Less energy-intensive, the future of the Ethereum blockchain remains littered with pitfalls

Ethereum, the second “blockchainn “the most important cryptocurrency in the world after the one used for bitcoins, has managed to transform itself to drastically reduce its environmental impact, but according to specialists this change could have serious consequences.

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Ethereum has managed to transform itself to drastically reduce its environmental impact.
Photo: AFP / VNA / CVN

Launched in 2015, Ethereum now hosts billions of dollars in transactions, particularly thanks to the cryptocurrency Ether, and also acts as a support for many assets such as NFTs, tamper-proof digital certificates of authenticity.

After months of preparation, this “block chain “ – a term referring to a large computer ledger – successfully completed one of the largest software updates in the history of the industry on September 15.

baptized “The merger” in English), this dangerous operation involved changing one of the pillars of Ethereum’s operation – its way of validating operations – to a system that consumes less energy.

Since it operates without a central authority, it is up to some Ethereum users to validate the trades that take place on this vast ledger.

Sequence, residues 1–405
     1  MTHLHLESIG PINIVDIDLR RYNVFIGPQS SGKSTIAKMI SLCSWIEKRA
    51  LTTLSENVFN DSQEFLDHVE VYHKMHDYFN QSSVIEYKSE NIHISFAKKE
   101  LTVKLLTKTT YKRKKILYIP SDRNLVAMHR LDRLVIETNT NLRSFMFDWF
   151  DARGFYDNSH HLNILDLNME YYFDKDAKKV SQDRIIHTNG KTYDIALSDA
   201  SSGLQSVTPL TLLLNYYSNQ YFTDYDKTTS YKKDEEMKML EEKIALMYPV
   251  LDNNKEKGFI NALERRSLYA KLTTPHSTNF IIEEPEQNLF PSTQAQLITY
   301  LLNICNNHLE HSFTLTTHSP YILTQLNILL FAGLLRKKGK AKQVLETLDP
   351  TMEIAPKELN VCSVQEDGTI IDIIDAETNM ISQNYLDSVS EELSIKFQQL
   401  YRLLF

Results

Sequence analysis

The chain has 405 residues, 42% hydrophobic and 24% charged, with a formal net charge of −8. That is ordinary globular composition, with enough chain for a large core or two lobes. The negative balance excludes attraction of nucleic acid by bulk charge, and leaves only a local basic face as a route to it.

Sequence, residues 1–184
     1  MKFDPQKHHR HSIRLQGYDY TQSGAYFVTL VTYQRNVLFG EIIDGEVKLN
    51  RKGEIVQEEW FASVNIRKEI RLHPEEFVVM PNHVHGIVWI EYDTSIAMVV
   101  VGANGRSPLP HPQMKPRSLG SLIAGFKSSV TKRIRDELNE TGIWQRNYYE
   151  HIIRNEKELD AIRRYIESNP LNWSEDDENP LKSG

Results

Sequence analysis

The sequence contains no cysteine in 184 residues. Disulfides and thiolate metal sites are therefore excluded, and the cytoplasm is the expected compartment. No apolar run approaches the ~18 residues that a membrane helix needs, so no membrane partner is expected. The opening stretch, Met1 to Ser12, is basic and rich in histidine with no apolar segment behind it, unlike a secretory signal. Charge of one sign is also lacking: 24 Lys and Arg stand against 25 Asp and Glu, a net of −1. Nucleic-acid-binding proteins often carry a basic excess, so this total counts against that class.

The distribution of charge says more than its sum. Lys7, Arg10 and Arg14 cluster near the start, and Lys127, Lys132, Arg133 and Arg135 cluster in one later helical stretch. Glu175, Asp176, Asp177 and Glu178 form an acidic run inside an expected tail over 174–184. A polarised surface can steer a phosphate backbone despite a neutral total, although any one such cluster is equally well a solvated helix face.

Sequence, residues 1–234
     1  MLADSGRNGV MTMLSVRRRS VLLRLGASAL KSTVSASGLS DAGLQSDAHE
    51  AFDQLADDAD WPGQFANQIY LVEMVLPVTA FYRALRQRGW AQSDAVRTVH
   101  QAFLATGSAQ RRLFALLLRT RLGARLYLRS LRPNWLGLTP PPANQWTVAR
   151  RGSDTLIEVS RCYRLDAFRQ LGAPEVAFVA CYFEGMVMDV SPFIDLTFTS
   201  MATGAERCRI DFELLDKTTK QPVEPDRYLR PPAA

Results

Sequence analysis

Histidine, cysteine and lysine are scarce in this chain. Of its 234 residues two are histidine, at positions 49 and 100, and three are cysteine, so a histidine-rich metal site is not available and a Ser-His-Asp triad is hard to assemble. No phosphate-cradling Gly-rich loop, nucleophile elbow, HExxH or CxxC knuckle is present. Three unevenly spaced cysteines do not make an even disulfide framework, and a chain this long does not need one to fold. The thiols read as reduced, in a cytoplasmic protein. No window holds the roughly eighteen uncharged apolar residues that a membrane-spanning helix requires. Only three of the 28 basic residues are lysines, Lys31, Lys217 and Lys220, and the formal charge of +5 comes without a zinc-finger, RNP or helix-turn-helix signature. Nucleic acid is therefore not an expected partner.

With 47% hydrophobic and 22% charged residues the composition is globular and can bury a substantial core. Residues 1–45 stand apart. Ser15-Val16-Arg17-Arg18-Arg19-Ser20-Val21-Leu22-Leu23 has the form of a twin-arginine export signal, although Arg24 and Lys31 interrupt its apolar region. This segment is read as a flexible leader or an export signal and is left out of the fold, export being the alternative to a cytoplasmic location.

Until mid-September, to belong to this circle of “validators“, it was necessary to solve a very complex calculation that required a great deal of computing power. The exercise, called”Proof of work” in English (“Proof of work“), consumes a large amount of electricity.

Now its “validators“must place a bet in Ether to have the right to validate. A method called “Proof of participation” in French) which allows you to get rid of heavy infrastructure for just needing software.

Almost a month later, this change had the effect of erasing more than 99% of the electricity consumption of the blockchain, which until then was roughly equivalent to the consumption of a country like New Zealand, according to Alex de Vries, a economist at the Free University of Amsterdam.

The 99% estimate is realistic and represents a positive step towards “sustainability of cryptocurrencies “, supports Moritz Platt, a cryptocurrency researcher at King’s College London.

Its long-awaited passage, however, caused a real earthquake for the “minors”these individuals responsible for validating operations who had invested in high-performance computing equipment.

Before “The merger”, this industry could gross about $ 22 million a day from Ethereum alone, according to Alex de Vries. However, the new method of validating transactions has made them obsolete.

“We cannot magically resell all these infrastructures and recover the capital invested”complained about a cryptocurrency miner known only as “J”, which operates between Singapore and Hong Kong (China).


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